To give credit where its due, Rowling manages to intricately carve a scene which gets the imagination running. I had never read any of the Harry Potter books, but I can imagine its effectiveness in a make-believe world, if it works so well with real-life locations. Having never been to London, I do regret being unable to generate a mental map of a place, but the descriptions substitute for it quite well. However, this alone does not redeem the book when the content fails to live up to expectations. As a result, I don't feel it obligatory for a reader/listener to part with their hard-earned money in favour of this book.

Review #49: Masters of Doom ★★★☆☆

It is not all doom and gloom!


This was a strange choice of book to begin a new year with but it is one of those things that pique your interest and you follow through with it. Stranger still is the fact that I never completed a level in any of the id games, let alone Doom. I do remember starting up the shareware version of Wolfenstein 3-D and the demo for Doom 3, but the session never lasted more than a few minutes. In fact, I remember returning a copy of the Quake II to a vendor stating technical issues when in fact I disliked the game. Gratuitous violence was never my thing. Yeah, I am one of those ‘story’ guys that John Carmack might have so despised. The only game I could relate to throughout the book was Deus Ex, which incidentally happens to be my best game of all time.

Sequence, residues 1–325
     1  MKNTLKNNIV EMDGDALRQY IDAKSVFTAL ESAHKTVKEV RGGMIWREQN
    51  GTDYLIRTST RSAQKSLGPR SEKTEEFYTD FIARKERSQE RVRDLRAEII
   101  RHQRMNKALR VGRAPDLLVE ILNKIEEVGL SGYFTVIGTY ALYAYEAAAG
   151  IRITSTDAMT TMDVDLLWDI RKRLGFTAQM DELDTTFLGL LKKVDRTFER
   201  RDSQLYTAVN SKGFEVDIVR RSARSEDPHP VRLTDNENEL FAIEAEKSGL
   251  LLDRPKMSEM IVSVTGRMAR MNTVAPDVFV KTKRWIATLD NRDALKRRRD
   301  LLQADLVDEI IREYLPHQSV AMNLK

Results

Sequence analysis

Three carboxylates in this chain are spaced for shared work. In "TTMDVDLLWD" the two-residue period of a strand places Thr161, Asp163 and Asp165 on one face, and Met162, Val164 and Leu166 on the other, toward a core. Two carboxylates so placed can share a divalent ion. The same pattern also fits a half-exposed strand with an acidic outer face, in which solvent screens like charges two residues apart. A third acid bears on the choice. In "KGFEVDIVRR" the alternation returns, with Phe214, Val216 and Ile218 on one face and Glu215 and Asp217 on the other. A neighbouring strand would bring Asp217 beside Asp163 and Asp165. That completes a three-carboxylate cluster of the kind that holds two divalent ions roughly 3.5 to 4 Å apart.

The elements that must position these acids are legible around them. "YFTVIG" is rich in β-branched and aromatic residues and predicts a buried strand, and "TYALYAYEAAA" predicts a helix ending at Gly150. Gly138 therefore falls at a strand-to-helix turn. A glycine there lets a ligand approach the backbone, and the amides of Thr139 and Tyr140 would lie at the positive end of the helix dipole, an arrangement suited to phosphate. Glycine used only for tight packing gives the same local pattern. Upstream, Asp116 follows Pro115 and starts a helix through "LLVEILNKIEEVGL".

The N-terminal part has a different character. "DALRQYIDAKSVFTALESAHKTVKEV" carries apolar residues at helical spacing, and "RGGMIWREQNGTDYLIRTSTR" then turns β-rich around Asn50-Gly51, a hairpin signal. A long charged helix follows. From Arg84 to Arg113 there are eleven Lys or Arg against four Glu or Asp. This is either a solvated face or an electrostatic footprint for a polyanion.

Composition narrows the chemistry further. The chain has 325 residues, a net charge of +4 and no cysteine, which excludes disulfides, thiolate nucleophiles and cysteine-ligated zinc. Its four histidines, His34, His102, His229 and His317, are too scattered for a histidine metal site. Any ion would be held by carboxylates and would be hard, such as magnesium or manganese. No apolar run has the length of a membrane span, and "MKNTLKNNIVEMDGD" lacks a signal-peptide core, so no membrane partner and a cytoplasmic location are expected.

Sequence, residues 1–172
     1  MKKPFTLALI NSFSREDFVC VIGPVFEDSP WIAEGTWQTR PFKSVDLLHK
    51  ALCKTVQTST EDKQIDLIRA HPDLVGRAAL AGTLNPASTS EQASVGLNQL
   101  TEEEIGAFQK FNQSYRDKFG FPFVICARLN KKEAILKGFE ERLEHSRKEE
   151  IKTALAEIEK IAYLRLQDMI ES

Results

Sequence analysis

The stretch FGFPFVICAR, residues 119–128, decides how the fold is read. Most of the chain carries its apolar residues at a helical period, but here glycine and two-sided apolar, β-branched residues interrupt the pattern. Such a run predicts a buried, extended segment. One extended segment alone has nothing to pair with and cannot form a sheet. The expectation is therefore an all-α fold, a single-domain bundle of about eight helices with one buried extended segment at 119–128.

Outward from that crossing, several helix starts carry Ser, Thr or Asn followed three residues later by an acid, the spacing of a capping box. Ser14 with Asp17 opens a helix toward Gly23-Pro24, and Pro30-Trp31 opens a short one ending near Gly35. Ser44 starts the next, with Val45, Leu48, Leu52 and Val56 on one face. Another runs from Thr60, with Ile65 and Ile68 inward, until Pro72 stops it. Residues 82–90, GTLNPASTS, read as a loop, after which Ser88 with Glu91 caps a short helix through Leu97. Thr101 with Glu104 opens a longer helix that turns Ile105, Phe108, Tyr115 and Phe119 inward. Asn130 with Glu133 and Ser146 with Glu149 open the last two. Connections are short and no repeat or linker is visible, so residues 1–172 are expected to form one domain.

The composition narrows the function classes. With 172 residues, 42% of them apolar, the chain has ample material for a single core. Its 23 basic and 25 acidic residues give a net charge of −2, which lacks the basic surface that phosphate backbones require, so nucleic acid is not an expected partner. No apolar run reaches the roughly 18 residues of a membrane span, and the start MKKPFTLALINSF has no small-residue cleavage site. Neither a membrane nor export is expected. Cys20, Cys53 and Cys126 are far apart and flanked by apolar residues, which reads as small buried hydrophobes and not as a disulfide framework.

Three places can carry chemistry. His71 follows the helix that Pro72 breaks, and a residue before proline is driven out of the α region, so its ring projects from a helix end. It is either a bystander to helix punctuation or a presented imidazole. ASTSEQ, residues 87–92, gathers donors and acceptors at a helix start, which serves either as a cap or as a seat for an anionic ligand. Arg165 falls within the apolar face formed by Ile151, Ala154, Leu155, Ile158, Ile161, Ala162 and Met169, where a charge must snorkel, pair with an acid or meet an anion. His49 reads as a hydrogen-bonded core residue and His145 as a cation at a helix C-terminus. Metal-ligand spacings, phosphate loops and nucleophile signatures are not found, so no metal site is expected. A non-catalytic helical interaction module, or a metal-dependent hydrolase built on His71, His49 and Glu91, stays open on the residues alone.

Review #43: The One Device


As a technology enthusiast, there was no escaping this book. I refer to technology rather than a company because I have never been an ardent Apple or Google fan, having only recently switched from Android to iOS. At the same, it wasn't a case of eagerness to read the book as it was the fact that I was bombarded with references to the book wherever I went, be it on podcasts or tech sites. Hence, I was able to put the book further down my reading list until I finally came across it a few days back.

Going by the book's name and the timing of its release, it would be valid to presume that it has the blessings of Apple and would offer candid insights from the who’s who of the iPhone team. However, as the book makes it clear upfront, Apple's veil of secrecy extends to the extent that no current (and some former) employee can share their story on the record. Hence, the book instead relies on the recounting by other industry stalwarts as well as anonymous Apple sources. This kind of anonymity can impact the credibility of some of the stories but in this case, it can't be helped and it certainly seems to fit the narrative. The other aspect is that one may be beguiled in to thinking that the book would only be focussed on the immediate story of the device's inception, however that is thankfully left to the eponymous last chapter of the book. As a result, the book is able to tell a much more holistic story than would have been possible if it had been focussed on the device alone.